LAPD begins using body cameras as concerns linger
After nearly two years of fundraising, testing and crafting policy, the first Los Angeles police officers hit city streets Monday morning wearing chest-mounted body cameras.
The rollout marked a significant moment for the department, pushing Los Angeles forward in becoming the largest U.S. city to use the devices on a widespread scale.
The cameras distributed Monday were the first of more than 7,000 that will be purchased and deployed across the LAPD in the next several months.
Dozens of reporters huddled outside a San Fernando Valley police station in the predawn hours Monday, waiting for officials to speak about the new technology. Inside, about two dozen officers watched one last demonstration about the devices before trying them on.
“This is a big moment for us,” said Capt. Todd Chamberlain, who oversees the LAPD’s Mission Division. “I think they realize that they’re making history today.”
The Mission Division, which covers San Fernando Valley neighborhoods including Sylmar and Panorama City, was the first to get the cameras. Any uniformed officer assigned to the division will wear the devices, Chamberlain said.
South Los Angeles’ Newton Division is scheduled to get its body cameras in about two weeks; specialized units including the SWAT team will get theirs by the end of the month.
The use of body cameras by officers has drawn significant attention in recent months amid a heated national debate about policing. Advocates say that the cameras will help bring clarity to controversial officer-civilian encounters, guard against officer misconduct and help clear those falsely accused of wrongdoing.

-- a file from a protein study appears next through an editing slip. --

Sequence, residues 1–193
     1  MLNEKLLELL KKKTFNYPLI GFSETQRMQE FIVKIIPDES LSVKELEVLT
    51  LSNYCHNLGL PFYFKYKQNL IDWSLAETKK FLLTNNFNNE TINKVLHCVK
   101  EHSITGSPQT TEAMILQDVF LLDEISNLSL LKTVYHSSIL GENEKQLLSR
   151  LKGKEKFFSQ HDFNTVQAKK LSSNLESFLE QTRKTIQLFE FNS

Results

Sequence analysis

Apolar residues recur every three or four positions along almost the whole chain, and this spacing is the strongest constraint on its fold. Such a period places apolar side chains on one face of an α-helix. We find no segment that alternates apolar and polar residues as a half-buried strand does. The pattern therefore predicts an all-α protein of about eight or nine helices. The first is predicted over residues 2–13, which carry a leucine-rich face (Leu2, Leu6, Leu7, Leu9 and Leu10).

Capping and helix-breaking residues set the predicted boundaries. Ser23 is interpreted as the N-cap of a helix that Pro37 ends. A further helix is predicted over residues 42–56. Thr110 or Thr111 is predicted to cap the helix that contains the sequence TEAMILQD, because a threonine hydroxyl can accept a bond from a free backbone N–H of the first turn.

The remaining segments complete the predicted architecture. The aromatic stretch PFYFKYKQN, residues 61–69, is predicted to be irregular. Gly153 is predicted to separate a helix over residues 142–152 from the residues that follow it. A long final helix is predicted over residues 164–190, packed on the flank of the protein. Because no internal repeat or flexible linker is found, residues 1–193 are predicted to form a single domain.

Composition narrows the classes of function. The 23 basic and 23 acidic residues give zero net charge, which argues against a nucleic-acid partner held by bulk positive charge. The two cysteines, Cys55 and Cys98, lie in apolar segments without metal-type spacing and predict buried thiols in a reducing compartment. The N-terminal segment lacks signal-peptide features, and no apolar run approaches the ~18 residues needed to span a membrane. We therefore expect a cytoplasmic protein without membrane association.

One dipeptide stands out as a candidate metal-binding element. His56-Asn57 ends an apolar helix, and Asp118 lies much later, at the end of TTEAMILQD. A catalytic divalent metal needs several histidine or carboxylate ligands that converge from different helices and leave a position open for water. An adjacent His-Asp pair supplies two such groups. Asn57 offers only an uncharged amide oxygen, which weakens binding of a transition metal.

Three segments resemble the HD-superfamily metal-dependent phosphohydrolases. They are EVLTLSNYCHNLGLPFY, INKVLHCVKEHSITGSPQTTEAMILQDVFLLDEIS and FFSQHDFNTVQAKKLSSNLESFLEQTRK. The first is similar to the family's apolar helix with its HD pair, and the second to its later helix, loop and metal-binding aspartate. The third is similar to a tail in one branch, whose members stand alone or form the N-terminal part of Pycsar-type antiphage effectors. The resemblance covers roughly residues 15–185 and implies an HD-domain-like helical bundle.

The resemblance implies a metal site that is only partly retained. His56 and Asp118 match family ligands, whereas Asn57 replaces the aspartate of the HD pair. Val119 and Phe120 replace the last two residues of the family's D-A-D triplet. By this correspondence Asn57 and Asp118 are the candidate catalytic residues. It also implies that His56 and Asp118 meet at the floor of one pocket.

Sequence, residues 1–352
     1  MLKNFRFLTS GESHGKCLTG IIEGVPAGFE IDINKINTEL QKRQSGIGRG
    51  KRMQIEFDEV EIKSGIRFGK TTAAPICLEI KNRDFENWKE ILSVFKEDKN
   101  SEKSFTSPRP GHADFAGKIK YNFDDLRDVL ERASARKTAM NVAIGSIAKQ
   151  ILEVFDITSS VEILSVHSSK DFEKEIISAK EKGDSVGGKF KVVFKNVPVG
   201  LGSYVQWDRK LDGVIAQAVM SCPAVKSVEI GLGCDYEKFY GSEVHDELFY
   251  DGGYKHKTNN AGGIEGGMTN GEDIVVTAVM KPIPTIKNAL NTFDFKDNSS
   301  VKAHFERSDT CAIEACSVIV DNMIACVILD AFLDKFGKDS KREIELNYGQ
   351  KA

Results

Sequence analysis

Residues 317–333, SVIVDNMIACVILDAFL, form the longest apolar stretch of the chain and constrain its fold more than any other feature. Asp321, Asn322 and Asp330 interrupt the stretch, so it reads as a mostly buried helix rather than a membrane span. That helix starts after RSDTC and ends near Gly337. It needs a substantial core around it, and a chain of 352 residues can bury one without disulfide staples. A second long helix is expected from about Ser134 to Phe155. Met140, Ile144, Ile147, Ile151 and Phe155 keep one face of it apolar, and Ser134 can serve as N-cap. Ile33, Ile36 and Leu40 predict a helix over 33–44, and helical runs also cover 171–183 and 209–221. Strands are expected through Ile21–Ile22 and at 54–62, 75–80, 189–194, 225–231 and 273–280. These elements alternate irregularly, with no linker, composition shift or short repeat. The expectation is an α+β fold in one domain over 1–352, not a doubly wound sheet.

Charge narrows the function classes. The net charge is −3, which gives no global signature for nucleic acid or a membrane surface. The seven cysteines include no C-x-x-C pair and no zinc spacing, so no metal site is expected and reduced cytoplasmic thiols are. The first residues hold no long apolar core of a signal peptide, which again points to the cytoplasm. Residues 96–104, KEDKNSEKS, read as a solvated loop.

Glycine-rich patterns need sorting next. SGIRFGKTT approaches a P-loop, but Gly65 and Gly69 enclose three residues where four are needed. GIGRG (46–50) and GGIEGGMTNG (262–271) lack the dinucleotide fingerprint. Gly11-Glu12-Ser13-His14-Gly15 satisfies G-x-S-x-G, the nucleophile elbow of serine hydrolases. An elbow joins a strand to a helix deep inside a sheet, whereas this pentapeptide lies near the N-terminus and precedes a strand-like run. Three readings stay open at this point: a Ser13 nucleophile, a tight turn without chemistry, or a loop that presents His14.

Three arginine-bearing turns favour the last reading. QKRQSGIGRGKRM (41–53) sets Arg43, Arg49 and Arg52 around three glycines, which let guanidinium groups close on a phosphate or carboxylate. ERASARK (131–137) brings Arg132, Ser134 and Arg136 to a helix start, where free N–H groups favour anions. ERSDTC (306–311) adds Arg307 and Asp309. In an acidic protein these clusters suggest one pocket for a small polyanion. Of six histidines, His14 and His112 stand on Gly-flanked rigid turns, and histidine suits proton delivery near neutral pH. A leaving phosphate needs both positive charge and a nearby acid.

But concerns linger over the LAPD’s planned use of the technology, particularly about who will get to see the videos from the cameras and when.
The LAPD policy — approved by the Police Commission on a 3-1 vote in April — allows officers to review images from the cameras before writing reports or giving statements to internal investigators. The department has also said it does not plan to publicly release the recordings unless they are part of a criminal or civil court proceeding.
Critics, including the Southern California chapter of the American Civil Liberties Union, said giving officers but not the public a chance to look at the images undermines the accountability that the cameras are intended to reinforce.
Police Commission President Steve Soboroff, who led the efforts to purchase the cameras upon joining the board two years ago, said he believes the technology could be “transformative” — not just for the LAPD, but agencies across the country.
“Now let’s see the results,” he said.
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